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The next steps are pretty straightforward and do not differ to other EC2 instances (like setting up a volume, select a key pair…). Therefore, we do not cover it here in detail.

After you launched the new instance, wait a little bit to make sure it is up and running, and a public IP address is assigned to it.

Create the service

With our EC2 container instance in place, we can now continue to create a service in ECS. Once again, if you forgot, what a service in ECS is, just have a look again at the first part of this article series (Click Here).

After returning to the ECS menu, go to your cluster by clicking on “Clusters” on the left side and then select your cluster (in our case “soeldner-consult”. Under the Service tab, click “Create”

 

 

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In the Create Service menu, select your newly created task definition and supply a service name, e.g. “httpd-service”.

 

 

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In order to have one instance of your task running, set “Number of tasks” to 1. After that click on “Create Service”. In the next window you will see that the service was successfully created:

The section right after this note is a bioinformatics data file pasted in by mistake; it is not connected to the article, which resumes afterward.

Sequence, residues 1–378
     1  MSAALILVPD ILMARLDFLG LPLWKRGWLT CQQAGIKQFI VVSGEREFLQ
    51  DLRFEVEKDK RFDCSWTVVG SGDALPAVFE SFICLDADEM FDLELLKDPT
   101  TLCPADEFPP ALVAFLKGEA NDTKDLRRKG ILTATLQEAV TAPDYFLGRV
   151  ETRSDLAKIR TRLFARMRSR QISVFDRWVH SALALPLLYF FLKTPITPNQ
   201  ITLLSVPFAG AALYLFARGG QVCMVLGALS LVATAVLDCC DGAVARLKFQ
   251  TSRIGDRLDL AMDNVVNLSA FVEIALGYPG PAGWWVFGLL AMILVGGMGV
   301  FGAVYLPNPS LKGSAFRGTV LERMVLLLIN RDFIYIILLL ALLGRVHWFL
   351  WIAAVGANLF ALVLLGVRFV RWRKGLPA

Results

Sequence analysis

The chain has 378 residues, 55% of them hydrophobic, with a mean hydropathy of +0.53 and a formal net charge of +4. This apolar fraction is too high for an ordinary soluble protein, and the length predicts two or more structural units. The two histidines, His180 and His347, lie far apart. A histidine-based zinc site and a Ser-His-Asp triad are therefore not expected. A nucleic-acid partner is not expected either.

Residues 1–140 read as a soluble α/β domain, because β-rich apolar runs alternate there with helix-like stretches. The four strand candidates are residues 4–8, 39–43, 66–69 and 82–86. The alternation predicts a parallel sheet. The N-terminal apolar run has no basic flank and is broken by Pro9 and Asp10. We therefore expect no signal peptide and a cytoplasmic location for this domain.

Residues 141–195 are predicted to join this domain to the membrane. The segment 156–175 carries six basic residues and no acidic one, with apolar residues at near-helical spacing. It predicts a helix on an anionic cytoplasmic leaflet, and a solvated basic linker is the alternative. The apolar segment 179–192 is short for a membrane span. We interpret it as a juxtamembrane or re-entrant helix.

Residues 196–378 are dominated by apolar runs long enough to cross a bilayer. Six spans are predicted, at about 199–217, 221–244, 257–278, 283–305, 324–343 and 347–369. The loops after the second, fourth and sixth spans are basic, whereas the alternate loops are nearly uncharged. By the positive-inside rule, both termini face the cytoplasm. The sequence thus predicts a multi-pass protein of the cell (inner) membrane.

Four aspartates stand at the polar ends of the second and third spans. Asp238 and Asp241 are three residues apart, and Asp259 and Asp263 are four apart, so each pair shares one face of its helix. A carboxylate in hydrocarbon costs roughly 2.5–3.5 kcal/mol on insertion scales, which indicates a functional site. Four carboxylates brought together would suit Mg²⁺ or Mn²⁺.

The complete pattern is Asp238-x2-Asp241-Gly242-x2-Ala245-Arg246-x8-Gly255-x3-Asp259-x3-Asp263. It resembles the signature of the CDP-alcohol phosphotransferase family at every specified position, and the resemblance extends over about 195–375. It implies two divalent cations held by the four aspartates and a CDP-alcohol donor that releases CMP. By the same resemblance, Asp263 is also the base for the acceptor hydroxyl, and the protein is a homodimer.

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Click on “View Service”, to see the details of your service. After a little while, the status of your services turns to “Active” and you’ll see one running task.

 

 

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So far, this looks quite good. In order to see whether your web server container is really up and running, let us just switch to the web browser and see, if the web site has been properly set up. Just find out the public IP of your EC2 instance (see the screenshot) and copy it into the browser bar.

 

 

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If everything works properly, you should get a similar output:

 

 

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Trackbacks/Pingbacks

  1. Docker on AWS with ECS and ECR – Part 3 „Working with ECR“ - Cloud Advisors - […] the repository, we can test if it already works in ECS. If you followed the preceding blog article (link),…
  2. AWS Week in Review – September 27, 2016 - Browser Zone - […] Cloudadvisors wrote about Docker on AWS with ECS and ECR(Part 2) […]